Many people adopted the “spoon theory” to describe energy levels, so I thought you might be interested to read its origin story. I treat my life as candles mainly because hyperactivity allowed/allows me to burn my candles at both ends and down the middle until they vanish in a puff of smoke but sometimes the stubs can be pushed together to form a spare. However, since spoons have become widely accepted, I’ll resort to it on occasion for the same reason this story describes. Not so much for me, but so that those around me can understand and not put their own meanings on my actions/inactions. https://butyoudontlooksick.com/articles/written-by-christine/the-spoon-theory/
Shadowblade is a wonderful story about loyalty, honor, and doing the right thing in an environment ripe with treachery and scheming. While having some similarities to high fantasy, this world has a distinct Arabian Nights feel in both the scenery and the approach to certain problems.
The various cultures are elaborate, and grounded in history and circumstance, making them solid even in their mythology. The blend of science and what appears to be magic is steeped in cultural roots both those forgotten by all and those kept alive through the efforts of a class of historian healers.
Yes, I’m biased toward Middle Eastern cultures, but the world setup is intriguing and complex enough to draw any reader.
There are many layers running beneath the main tale, and each informs or twists the known events beautifully. On the surface, it’s a heroic story of overthrowing a brutal, corrupt regime. But the more you learn, the more a mystery unfolds from within the plot.
To make this come about, the historians construct a plausible background using law and tradition to create firm grounding beneath their actions. The mystery comes into play as this background seems to follow close to what little remains known and raises questions about who the main players really are. There are several plausible links with significant consequences even though circumstance and history deny both reader and characters the facts necessary to prove construct or truth.
The balance of myth, deliberate influence of the characters’ understanding, and truths known only to a limited group makes every moment rife with fascinating possibility. The neat thing about this is how I had my suspicions, many of which proved true, but with so much shifting and deliberate manipulation, I couldn’t fix on an answer. I remained open to various possibilities until the big reveal. Even better, when I got the answer, I knew enough about the main characters to choose a side no matter how my sympathies had been triggered by the various positions.
There is a large cast with Naia and then Karrim at the center of it all while the healer Gassan and historian Mehtab run a close second. I don’t remember who had a POV scene and whose positions became evident through observation (beyond these four), but the cast members play distinct enough roles in the unfolding story that I never got confused.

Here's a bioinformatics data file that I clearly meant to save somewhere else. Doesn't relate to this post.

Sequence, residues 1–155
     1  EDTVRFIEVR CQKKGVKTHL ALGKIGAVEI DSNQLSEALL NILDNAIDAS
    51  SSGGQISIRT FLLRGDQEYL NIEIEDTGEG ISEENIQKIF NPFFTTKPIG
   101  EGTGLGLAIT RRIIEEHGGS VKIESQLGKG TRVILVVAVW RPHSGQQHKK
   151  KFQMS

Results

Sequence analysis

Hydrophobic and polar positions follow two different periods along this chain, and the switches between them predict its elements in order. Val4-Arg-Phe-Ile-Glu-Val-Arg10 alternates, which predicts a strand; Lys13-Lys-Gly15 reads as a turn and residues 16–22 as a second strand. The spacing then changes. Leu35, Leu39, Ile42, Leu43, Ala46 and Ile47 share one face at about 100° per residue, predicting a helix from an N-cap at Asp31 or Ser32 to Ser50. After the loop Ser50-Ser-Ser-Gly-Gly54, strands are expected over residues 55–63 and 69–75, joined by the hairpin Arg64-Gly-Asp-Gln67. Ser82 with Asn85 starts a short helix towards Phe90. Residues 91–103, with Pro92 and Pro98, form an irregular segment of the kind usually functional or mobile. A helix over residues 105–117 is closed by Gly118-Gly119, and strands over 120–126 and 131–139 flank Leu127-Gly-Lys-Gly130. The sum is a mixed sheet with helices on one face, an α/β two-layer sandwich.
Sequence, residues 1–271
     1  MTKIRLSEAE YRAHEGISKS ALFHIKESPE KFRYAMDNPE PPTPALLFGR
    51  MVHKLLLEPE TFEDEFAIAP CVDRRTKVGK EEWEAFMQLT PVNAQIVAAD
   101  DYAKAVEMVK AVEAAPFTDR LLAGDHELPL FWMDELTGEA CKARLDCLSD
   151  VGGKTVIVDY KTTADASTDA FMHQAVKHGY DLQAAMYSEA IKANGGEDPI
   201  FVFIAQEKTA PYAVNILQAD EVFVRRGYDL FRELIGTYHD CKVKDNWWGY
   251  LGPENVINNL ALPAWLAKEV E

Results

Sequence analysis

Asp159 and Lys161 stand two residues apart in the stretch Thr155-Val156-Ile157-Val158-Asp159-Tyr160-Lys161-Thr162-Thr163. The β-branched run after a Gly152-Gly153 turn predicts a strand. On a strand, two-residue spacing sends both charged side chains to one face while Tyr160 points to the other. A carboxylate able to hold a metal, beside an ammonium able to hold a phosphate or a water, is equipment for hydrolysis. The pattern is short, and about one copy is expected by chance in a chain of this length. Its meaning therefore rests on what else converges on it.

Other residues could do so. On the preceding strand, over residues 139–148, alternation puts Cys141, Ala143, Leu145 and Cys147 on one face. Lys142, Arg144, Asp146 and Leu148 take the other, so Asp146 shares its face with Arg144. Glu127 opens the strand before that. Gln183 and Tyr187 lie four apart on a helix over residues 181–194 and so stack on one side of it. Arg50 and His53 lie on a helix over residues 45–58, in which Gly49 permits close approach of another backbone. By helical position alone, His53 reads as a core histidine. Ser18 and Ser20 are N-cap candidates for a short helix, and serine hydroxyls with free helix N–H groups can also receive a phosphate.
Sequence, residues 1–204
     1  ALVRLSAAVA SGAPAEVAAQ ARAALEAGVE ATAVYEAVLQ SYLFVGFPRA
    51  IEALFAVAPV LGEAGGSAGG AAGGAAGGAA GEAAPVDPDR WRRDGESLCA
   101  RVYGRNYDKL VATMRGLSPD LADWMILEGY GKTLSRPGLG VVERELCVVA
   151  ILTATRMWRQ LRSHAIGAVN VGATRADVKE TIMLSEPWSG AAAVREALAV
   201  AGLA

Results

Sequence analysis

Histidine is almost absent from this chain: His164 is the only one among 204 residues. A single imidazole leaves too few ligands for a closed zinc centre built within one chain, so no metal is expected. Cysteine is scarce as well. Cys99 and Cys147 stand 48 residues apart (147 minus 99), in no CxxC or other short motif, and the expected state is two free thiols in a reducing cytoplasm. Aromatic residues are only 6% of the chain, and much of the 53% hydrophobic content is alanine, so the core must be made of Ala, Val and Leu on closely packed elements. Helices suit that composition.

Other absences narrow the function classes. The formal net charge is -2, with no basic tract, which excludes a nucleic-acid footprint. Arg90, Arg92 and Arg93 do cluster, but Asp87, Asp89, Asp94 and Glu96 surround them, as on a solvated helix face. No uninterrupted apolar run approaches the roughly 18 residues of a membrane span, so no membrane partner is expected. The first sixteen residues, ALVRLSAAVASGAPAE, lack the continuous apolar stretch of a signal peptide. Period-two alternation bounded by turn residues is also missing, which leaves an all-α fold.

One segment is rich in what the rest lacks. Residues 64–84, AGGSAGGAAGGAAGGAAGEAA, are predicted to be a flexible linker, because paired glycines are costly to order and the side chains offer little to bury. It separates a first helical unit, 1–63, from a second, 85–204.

Naia is a complicated person unwilling to keep her head down at the cost of others while Karrim is her perfect match in more than just blade skills. The machinations surrounding them are not their own, but don’t think they are in any way passive participants. While staying true to the intent behind their orders, they both choose the path of honor even when it goes against their wishes. They’re good people with rare skills and set into play at a tumultuous time when flexibility and intent are key to defending the empire they swore to protect from both external and internal attacks.
This is not a sweet novel. There is violence, sensual scenes, and moral struggles. Each forms a critical piece of the story where politics, personality, history, and emotions ranging from revenge to passion impact the complex plotting. The characters are dynamic. You come to love, hate, respect, and/or revile them. Whether you burn with their struggles or cheer their defeats, I doubt you can stand separate from these events. I certainly couldn’t.
I fell head first into this story and resented any distractions that pulled me from it. The plot raises questions without laying out a clear path so there’s much opportunity to speculate, and the end proved satisfying even where it didn’t follow my expectations. It’s a worthy visit to a vibrant, fascinating world.
P.S. I received this ARC from the publisher through NetGalley in return for an honest review.
Note: I’m posting this stray thought as I prepare for this year’s BayCon, the science fiction convention I have been going to in various roles for more years than I can count. This essay was prompted by the article in last week’s interesting links. I don’t want to forget to pick up the convenient ribbons at the info desk for displaying your preferred pronouns (assuming they have them this year as they did before). It’s a step in the right direction, and a declaration of where I want to be going forward.
I ask that you read the whole post before reacting simply because this is a ponder and takes you through my thought process. At times where I’m headed may seem obvious, and yet it might be the opposite of what you think. I’d love to hear your thoughts at the end because I am not a finished work. No one has written “the end” on my perceptions or positions, especially not me. To do so would be to assume I had access to all the available information, and I’m far from all-knowing. An open mind doesn’t mean I don’t make decisions along the way. It means I decide based on the what I know at the time, aware that new information may show those positions misguided. Life is a growth process and involves much more than just growing older. This is the point behind stray thoughts as they often involve processing new information or old information seen in a new light. How boring life would be if at an arbitrary age we reach the end of this exploration and know all we can ever know.